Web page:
Whilst the event has attracted significant attention, the majority of interested parties were unable to make the original date. In the interest of making the event inclusive and to incorporate as many perspectives as possible, we have decided to postpone it until November / December 2010.
We will publish an updated schedule in due course.
Please accept our sincere apologies for any inconvenience caused for this. We do hope that you may be able to join us at the later date instead.
Organised by the Centre for Journalism and Communication Research
The Media School, Bournemouth University
Friday 25th June, 2010 –> postponed
This symposium will be an opportunity to discuss and reflect upon the role of online news reporting during the May 2010 UK General Election. It will provide a forum for academics, researchers, journalists and bloggers to discuss emerging and established forms and practices of online election news. We aim to provide a lively discussion forum evolving around pertinent issues arising from the election campaign and aftermath.
You are invited to express interest in contributing your reflections (5-10 minutes each) or early findings from relevant research.
Please submit expressions of interest to attend or contribute as a speaker (indicating your topic) by 4th June to Einar Thorsen at firstname.lastname@example.org or using the online form.
Below is an indicative list of questions that could be addressed by the symposium, though you are welcome to suggest and contribute on other relevant topics.
- To what extent did online journalism live up to expectations?
- How did online reporting compare to rival print and broadcasting journalism?
- What role did citizen journalism have in the media landscape during the election?
- How have Twitter and Facebook changed the way in which journalists connect with their audiences?
- To what extent did journalists use social media, blogs and user-generated content as a source of election news?
- What were the strengths and limitations of live blogging?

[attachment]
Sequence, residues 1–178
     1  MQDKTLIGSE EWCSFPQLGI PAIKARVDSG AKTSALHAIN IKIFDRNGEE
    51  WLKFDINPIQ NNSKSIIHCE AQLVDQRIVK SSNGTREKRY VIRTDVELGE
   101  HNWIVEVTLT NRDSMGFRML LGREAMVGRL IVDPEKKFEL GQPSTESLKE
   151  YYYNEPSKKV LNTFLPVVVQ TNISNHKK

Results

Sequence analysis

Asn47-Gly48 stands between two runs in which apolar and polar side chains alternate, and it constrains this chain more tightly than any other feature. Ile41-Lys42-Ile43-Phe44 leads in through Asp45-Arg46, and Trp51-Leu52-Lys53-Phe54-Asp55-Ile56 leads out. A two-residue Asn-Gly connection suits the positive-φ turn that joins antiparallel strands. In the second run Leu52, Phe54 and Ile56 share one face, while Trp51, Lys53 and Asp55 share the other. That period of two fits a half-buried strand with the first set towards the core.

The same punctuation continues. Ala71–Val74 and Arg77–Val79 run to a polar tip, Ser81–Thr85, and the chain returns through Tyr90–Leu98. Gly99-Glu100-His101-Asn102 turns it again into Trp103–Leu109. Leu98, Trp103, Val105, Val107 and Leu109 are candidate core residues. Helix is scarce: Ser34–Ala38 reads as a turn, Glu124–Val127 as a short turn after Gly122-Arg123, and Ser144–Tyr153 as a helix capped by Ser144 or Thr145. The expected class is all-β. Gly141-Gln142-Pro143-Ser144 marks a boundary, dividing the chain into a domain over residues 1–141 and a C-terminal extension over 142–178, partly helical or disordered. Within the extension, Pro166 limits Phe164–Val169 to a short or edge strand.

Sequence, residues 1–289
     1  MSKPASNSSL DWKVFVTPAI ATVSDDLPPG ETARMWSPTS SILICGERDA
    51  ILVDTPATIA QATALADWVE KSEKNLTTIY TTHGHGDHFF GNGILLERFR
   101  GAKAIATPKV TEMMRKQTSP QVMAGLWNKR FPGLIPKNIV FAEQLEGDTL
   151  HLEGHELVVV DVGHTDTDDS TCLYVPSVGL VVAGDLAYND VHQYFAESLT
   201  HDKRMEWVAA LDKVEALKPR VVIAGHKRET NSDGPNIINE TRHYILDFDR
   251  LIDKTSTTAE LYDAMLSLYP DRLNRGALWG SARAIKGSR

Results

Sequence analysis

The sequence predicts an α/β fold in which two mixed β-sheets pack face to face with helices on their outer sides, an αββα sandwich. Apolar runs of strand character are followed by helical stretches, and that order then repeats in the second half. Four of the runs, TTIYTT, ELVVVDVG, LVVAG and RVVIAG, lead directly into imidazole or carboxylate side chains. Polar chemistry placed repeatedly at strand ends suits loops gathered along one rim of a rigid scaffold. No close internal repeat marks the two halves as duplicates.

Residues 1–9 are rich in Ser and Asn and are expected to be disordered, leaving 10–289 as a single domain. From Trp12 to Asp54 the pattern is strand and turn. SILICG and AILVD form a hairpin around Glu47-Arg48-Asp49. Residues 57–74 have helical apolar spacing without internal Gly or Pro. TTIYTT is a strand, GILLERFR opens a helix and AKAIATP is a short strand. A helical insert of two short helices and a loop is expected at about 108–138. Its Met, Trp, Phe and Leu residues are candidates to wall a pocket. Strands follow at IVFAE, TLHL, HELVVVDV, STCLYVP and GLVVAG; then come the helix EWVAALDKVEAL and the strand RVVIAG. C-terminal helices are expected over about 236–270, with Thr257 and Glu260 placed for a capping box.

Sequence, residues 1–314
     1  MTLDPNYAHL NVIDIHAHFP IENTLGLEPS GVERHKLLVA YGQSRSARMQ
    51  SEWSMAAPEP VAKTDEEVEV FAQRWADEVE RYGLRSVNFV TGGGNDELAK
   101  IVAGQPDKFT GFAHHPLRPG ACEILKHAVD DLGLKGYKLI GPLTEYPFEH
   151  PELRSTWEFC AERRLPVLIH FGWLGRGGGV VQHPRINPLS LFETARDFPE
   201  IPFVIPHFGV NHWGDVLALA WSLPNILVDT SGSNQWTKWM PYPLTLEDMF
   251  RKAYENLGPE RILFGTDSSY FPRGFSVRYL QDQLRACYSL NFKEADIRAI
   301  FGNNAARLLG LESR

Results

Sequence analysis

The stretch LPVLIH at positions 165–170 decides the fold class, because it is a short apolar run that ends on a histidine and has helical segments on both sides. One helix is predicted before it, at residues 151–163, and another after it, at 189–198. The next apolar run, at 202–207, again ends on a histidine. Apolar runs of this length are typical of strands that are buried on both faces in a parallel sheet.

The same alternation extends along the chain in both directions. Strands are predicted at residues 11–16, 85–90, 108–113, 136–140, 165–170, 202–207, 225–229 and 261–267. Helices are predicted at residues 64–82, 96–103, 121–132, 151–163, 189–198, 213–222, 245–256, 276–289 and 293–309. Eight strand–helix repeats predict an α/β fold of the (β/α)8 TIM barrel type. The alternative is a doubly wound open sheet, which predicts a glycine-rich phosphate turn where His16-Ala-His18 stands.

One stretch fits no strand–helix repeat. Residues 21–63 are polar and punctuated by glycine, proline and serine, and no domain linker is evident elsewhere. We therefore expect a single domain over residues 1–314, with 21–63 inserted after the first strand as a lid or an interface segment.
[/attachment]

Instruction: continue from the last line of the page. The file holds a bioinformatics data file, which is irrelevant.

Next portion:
- How did the speed, depth and immediacy of online news impact on the campaign?
- To what extent did news organisations succeed in facilitating public debates and comments?
- How did online journalism help inform the electorate?
The symposium will take place 25th June in the city centre at The Executive Business Centre, Bournemouth University, 89 Holdenhurst Road, Bournemouth, BH8 8EB.
The event is free and open to all interested parties, but please register your interest to attend in advance by emailing Einar Thorsen at email@example.com.
Deadline for contributors to register interest is 4th June. Conference outline will be published shortly after.
Lunch and beverages will be provided.
Elections represent a great spectacle of journalism and are therefore ideally suited to reflect upon the current and future state of political news and journalism, particularly in online contexts. In the words of Jon Snow: “Once an election is called, journalists go into overdrive. It’s a genuinely exciting time – a voyage into the unknown whose ending will affect all our lives.”
The 2010 UK General Election was expected to be a historic milestone and it certainly lived up to promise. Politically it offered the closest contest in years, returning the first hung parliament since 1974, and a coalition government between the Conservatives and the Liberal Democrats. The media campaign was groundbreaking too, dominated by the first ever televised prime ministerial debates, hosted by ITV, Sky and the BBC.
Online news reporting in its various guises was, unlike previous elections, no longer just a curious oddity at the fringes of the media landscape, but an essential part of online political journalism. Both newspapers and broadcasters invested heavily in election micro-websites, many of which included continuous campaign updates through live blogging. Journalists used Twitter and Facebook for breaking news or unconfirmed rumours, and also as a valuable source of ‘public sentiment’ and insight into the political process. Ordinary citizens, for their part, used social media to hold politicians and mainstream media to account.
Centre for Journalism and Communication Research
The Centre for Journalism and Communication Research was launched in 2009. It brings together two research groups – the Journalism Research Group and the Narrative Research Group – from within the Media School at Bournemouth University. Researchers affiliated to the Centre represent a diverse array of interests and expertise, while sharing a commitment to engage in real-world issues of pressing significance.
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